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CRA to audit Sask. for not paying carbon levies on home heating


The Canada Revenue Agency (CRA) is going to audit Saskatchewan for not paying carbon levies on home heating, Premier Scott Moe said Monday.

Moe said the agency has indicated it will look at Saskatchewan's books to see how much the province owes in levies that weren't paid to Ottawa.

"They will ask if they can look at the submissions we've made and for us to submit money they estimate may be owed," he told reporters.

"We don't believe there's any dollars that are owed."

The Saskatchewan Party government decided earlier this year to not remit the federal carbon price on natural gas, a move that breaks federal law.

Moe invoked the measure after Prime Minister Justin Trudeau exempted users of home heating oil from having to pay the levy in a move largely seen as politically motivated to boost Liberal support in Atlantic Canada.

The Canada Revenue Agency did not immediately respond to a request for comment.

Trudeau said last week the agency is "very, very good" at getting money owed and wished Moe "good luck" in dealing with the agency.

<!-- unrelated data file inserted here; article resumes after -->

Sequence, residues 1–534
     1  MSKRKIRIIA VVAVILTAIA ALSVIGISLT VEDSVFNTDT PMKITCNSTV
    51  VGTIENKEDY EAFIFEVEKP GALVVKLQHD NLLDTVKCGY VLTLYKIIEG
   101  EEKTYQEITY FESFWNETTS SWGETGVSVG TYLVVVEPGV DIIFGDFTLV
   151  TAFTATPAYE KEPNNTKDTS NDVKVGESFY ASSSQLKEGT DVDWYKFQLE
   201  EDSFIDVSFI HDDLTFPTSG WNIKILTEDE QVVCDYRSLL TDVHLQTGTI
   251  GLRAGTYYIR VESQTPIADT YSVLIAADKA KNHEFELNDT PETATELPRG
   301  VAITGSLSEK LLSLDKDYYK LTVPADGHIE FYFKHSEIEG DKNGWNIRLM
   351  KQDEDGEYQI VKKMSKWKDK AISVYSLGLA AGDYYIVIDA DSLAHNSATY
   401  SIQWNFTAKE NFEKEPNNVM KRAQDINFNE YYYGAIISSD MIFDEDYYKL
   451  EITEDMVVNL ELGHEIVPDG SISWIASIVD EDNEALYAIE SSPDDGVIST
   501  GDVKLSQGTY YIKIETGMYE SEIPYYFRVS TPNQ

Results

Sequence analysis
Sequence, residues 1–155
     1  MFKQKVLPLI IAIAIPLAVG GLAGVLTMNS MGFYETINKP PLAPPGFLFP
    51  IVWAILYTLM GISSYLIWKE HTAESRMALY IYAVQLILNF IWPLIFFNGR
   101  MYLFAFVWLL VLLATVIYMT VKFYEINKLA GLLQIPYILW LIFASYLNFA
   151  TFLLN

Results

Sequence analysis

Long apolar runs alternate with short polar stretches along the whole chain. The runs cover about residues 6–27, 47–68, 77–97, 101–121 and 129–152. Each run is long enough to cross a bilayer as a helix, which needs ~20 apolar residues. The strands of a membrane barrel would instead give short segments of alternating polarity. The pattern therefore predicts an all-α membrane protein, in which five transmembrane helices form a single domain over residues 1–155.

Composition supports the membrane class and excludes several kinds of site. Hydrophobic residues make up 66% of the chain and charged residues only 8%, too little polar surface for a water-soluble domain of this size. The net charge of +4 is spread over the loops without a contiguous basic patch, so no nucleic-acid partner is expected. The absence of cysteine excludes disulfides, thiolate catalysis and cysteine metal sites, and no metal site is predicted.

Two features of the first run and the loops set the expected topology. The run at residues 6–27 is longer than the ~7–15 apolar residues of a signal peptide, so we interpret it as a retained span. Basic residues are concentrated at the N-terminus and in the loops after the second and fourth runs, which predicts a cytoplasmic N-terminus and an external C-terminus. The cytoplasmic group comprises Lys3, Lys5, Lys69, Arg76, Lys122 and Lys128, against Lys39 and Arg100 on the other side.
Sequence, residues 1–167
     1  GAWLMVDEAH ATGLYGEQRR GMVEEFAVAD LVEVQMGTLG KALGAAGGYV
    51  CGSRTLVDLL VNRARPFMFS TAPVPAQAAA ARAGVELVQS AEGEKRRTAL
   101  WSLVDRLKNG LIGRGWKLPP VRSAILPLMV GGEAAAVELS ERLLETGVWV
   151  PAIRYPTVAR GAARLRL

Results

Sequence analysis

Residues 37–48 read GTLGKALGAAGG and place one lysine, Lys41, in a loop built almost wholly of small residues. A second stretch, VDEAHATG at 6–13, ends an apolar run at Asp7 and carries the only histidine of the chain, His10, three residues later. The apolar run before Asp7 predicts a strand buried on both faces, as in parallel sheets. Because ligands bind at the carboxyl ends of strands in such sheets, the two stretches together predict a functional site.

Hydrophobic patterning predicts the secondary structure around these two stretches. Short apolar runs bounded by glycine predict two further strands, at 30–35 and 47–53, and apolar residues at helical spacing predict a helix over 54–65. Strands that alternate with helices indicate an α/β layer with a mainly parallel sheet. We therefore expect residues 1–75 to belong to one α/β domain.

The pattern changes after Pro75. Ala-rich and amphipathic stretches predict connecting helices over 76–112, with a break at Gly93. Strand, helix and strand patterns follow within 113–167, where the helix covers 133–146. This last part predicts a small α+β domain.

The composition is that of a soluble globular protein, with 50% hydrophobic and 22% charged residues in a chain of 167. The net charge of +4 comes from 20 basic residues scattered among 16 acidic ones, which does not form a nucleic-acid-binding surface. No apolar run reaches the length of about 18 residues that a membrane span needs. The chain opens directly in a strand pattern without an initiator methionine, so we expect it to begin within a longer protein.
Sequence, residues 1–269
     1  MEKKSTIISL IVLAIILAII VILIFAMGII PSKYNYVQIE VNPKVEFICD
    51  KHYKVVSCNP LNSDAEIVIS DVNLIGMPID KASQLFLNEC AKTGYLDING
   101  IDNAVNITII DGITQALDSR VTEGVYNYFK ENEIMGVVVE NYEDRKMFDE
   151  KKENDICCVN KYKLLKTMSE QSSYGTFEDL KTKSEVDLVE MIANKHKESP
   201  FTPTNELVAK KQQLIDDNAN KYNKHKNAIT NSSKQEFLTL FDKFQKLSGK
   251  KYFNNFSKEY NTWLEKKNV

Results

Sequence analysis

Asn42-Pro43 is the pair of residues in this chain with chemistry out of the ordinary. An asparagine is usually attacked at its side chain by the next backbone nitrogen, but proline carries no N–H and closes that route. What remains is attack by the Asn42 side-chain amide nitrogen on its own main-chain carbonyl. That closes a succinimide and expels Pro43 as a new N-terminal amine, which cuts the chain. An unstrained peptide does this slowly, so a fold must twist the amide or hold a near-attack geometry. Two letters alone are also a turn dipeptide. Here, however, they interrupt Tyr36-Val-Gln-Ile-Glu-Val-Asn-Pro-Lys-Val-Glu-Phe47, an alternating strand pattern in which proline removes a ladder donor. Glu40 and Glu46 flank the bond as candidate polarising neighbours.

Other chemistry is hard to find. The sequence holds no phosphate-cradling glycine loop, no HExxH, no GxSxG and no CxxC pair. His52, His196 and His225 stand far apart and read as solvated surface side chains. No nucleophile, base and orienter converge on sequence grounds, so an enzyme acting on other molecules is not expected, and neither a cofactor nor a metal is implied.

Moe said it's unfair for other forms of heating not to be exempt.

"We think the federal government could actually take another step and make this whole policy decision more fair to more Canadian families," he said.

Moe said the agency could face problems collecting the money, as Ottawa may have to change legislation to get it.

He pointed to a section of the federal budget that says Ottawa is proposing changes to the Greenhouse Gas Pollution Act. The changes would allow federal officials to share information with one another about provinces that aren't paying carbon levies.

Information would be shared "for the purposes of evaluating potential action," it says.

Trudeau has defended his decision to exempt home-heating oil users, saying it's more expensive than natural gas. He has ruled out offering exemptions to other users.

Most Canadians get more in rebates than what they pay, Trudeau has said.

He has also said Saskatchewan residents will continue to get rebates, even though the province isn't paying.

Moe said Saskatchewan residents can do whatever they want with their carbon rebates.

-- This report by The Canadian Press was first published April 29, 2024. Top Stories

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